Ms. Quinonez, who was sitting in an aisle seat, stood up and punched the attendant within the face multiple times, in line with the video. She also grabbed her hair before the girl was capable of move back up the aisle. Several passengers grabbed at Ms. Quinonez’s clothes to attempt to stop her.
Prosecutors said the flight attendant, who was not named in court documents, was taken to a hospital with injuries that included a swollen eye, a bruised arm and a cut under her eye that needed to be stitched. They said she also had three chipped teeth, two of which had to get replaced with crowns.
In response to court documents, Ms. Quinonez sought a sentence of time served while prosecutors had requested 4 months in custody and 6 months in home confinement. In imposing the longer sentence, Judge Robinson “strongly considered the necessity for general deterrence,” Jaclyn Stahl, an assistant U.S. attorney, said in an email.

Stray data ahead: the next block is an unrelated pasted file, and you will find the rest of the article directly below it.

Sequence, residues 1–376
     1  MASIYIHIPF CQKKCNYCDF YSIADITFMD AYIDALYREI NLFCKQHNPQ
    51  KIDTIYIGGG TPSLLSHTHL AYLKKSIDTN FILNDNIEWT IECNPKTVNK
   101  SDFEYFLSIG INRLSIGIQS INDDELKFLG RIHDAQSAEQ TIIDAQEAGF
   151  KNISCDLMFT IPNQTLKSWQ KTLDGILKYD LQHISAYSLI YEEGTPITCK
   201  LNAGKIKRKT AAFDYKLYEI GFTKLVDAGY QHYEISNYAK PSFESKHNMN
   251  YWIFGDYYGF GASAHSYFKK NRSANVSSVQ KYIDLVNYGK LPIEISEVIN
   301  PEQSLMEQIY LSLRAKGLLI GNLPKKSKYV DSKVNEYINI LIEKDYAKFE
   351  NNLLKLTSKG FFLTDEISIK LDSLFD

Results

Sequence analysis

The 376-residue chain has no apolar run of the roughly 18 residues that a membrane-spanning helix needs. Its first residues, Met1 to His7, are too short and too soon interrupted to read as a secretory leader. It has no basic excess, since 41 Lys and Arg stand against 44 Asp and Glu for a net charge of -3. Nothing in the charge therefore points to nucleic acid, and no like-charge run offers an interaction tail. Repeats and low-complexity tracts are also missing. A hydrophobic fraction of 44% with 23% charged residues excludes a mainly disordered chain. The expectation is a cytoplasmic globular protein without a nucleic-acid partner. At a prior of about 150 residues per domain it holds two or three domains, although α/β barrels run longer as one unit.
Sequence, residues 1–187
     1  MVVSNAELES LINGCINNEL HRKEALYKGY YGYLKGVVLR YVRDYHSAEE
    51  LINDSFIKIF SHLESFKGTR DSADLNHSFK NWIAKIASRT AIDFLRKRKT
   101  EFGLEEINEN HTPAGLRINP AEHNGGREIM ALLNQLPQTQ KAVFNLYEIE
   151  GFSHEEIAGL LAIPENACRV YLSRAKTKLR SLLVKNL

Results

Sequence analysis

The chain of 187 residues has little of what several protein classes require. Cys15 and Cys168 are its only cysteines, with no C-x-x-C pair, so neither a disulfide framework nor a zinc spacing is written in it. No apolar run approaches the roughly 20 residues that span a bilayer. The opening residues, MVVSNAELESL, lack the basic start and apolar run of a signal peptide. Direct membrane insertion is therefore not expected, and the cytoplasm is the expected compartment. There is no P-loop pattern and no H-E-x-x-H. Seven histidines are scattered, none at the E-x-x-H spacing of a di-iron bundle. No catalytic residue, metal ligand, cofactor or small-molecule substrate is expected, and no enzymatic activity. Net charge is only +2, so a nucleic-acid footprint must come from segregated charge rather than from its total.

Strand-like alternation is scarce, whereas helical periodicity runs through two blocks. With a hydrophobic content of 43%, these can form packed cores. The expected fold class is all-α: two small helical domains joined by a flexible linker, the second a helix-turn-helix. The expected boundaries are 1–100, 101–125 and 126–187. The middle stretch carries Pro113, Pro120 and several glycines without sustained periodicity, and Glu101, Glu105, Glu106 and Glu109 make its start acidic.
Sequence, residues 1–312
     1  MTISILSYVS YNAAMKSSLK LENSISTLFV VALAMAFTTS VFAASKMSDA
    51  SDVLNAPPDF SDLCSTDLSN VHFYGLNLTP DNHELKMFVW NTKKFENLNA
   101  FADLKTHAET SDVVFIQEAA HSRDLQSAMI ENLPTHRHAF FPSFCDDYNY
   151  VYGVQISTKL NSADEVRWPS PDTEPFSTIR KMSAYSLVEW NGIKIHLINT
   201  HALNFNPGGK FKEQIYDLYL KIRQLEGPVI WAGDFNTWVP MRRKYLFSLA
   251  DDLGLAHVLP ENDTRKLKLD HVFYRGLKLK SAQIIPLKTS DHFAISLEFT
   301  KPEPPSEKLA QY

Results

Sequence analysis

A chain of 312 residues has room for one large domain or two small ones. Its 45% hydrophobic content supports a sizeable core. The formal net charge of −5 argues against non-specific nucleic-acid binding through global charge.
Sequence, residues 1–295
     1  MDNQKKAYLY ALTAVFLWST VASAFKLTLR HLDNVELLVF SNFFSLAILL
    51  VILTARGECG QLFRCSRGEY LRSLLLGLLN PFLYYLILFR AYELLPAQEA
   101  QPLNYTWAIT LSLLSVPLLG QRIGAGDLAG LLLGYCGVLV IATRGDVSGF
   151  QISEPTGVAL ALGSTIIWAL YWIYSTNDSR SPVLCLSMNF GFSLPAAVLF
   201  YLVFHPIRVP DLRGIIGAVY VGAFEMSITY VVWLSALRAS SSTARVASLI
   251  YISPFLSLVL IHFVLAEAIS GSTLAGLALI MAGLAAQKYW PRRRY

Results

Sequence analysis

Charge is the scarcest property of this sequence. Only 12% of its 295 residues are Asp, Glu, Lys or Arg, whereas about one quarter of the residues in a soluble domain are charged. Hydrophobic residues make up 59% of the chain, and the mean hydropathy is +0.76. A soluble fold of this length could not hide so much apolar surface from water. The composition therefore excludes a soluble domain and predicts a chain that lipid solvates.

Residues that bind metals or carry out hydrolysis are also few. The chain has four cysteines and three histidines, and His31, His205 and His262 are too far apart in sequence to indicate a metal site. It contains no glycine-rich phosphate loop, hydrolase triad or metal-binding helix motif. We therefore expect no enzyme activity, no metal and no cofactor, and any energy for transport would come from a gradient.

“He explained that the victims included not only the flight attendant victim and Southwest Airlines, but all passengers on the plane that day and flight attendants working within the industry,” Ms. Stahl said.
In a letter dated May 18 and addressed to Judge Robinson, a Southwest representative said that the corporate wanted the sentence to function a deterrent to unruly and violent behavior. The letter said that the corporate’s executive team had heard from “countless flight attendants” who felt under attack during a pandemic that pushed fear around travel to an all-time high.
“What happened on Flight 700 was absolutely horrific,” wrote Sonya Lacore, a vp at Southwest. “In my 20+ 12 months profession at Southwest, I actually have never seen such an inexcusable, violent assault of a flight attendant by a passenger. Even worse, the incident was captured on video and forged across television and media channels.”
“The video of the assault still sickens me,” she added.
Livia Albeck-Ripka contributed reporting.